Born in Decatur, AL to parents Charlie and Dorothy, Jemison developed a love for science, in particular astronomy, from a young age. While growing up and attending school in Chicago, Jemison says her parents, “were the best scientists [she] knew, because they were always asking questions.”
Jemison would spend hours watching and researching NASA’s Apollo missions, seeking to understand their goals, findings, and accomplishments, but she felt frustrated not seeing any female astronauts. Although Sally Ride was the first American woman to travel to space in 1983, Jemison would be the first woman of color. Having grown up watching Nichelle Nichols play Lieutenant Uhura on Star Trek, Jemison saw the potential of representation for women of color in space.
Upon graduating from high school at 16, Jemison attended Stanford University, double majoring in chemical engineering and African and African-American studies. After graduating in 1977, she became a student at Cornell University Medical College, where she obtained her M.D. in 1981. While in medical school, Jemison studied and conducted research in Cuba and worked at a Cambodian refugee camp in Thailand.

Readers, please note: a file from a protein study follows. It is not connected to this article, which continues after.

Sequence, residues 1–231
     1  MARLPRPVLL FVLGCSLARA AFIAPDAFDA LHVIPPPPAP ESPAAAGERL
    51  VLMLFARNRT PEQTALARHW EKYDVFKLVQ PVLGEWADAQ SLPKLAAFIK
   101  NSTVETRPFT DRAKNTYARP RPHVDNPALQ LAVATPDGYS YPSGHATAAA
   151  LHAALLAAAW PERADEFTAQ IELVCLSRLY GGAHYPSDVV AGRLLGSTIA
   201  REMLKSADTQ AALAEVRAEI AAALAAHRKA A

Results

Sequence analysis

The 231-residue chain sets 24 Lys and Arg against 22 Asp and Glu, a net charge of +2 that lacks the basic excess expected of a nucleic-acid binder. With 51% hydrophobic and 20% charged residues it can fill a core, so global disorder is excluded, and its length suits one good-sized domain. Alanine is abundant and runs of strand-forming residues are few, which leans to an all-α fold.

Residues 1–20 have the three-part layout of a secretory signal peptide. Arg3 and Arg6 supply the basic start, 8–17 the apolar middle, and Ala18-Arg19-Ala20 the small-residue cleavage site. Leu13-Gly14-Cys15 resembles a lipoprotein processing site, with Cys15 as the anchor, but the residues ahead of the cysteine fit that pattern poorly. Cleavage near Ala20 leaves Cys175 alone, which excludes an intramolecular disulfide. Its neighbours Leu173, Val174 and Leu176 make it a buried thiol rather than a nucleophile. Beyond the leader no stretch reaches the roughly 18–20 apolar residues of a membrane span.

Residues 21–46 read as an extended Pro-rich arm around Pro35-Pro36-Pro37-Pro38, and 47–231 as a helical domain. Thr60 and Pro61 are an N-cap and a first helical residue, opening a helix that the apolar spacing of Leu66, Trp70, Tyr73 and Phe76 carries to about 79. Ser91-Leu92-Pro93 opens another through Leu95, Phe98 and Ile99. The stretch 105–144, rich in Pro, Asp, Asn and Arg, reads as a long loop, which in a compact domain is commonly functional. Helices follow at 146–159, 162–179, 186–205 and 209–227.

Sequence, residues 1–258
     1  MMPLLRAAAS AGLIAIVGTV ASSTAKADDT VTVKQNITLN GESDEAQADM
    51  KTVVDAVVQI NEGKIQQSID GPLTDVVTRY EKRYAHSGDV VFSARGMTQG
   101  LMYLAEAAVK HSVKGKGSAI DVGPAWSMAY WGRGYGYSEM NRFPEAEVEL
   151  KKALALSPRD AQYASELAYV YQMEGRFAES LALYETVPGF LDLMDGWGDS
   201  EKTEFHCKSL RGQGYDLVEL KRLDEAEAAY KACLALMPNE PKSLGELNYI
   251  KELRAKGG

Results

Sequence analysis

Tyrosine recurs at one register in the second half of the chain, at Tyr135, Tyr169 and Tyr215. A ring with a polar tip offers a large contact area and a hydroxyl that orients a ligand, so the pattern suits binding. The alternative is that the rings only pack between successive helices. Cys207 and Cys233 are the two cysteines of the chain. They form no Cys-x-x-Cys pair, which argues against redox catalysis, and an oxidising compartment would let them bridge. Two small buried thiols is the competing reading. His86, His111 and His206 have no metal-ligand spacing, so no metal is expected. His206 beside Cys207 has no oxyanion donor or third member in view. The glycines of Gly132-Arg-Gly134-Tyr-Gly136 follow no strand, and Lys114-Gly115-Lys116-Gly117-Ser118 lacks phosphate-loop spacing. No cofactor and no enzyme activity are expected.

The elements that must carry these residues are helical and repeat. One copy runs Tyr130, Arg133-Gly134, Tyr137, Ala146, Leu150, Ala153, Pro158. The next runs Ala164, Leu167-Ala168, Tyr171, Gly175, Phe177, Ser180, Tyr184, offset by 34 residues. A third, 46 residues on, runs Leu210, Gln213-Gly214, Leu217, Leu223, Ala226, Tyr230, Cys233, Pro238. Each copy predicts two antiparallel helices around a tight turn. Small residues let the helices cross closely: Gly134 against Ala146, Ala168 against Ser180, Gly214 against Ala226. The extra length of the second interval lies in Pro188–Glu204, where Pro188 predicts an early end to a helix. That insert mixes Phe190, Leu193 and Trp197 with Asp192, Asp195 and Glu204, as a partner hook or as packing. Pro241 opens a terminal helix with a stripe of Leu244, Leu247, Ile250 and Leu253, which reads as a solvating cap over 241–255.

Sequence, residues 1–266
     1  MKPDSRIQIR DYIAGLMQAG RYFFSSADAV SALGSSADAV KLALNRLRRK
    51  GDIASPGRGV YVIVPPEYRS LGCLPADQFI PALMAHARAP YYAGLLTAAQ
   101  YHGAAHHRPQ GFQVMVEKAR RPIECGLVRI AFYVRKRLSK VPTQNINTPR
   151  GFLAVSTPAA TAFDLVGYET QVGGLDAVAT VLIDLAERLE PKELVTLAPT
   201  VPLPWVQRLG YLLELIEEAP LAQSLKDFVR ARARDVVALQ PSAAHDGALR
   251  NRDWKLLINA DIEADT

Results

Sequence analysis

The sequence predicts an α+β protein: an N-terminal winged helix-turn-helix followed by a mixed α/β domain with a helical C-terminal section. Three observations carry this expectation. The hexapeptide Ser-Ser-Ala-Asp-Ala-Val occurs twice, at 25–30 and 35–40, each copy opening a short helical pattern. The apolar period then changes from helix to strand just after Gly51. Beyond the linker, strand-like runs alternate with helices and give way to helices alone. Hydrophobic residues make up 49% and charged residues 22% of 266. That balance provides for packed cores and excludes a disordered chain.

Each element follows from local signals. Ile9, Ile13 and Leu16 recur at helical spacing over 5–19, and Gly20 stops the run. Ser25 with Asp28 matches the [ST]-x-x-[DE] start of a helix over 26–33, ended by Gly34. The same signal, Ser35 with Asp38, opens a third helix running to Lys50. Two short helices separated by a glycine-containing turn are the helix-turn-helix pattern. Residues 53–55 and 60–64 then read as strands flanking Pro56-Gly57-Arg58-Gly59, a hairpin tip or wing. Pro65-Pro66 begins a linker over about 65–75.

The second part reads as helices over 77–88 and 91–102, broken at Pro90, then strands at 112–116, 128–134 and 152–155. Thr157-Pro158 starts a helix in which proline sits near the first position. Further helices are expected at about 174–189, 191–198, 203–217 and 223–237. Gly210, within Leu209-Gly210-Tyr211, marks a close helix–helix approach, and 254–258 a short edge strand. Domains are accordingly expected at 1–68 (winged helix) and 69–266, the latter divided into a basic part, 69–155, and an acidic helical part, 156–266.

After moving to Los Angeles to be a general practitioner for the Los Angeles County Medical Center, Jemison began working with the Peace Corps. Between 1983-85, she served as the Area Peace Corps Medical Officer in Sierra Leone and Liberia. At the age of 27, she was responsible for managing healthcare for Peace Corps volunteers as well as the U.S. Embassy’s medical care.
It was not until 1985, when Jemison was back in the U.S., that she decided to apply to become an astronaut. She says that when she first applied to the Johnson Space Center, she was not considering the fact that she may be the first African-American woman in space. “I wanted to go into space,” she explains. “I couldn’t have cared if there had been one thousand people in space before me or whether there had been none. I wanted to go.”
Despite the devastating explosion of the space shuttle Challenger in 1986, Jemison continued to pursue her dream. Then, on June 4, 1987, Jemison became the first African-American woman admitted to NASA’s astronaut training program. She was one of only 15 chosen out of 2,000 applications.
In preparing to depart for space, Jemison felt it was important to bring things that “represented people who sometimes are not included.” Some examples include: a poster of Judith Jamison performing the dance “Cry,” a Bundu statue to represent a women’s society in West Africa, and a flag for Alpha Kappa Alpha, “the oldest African-American women’s sorority in the United States.”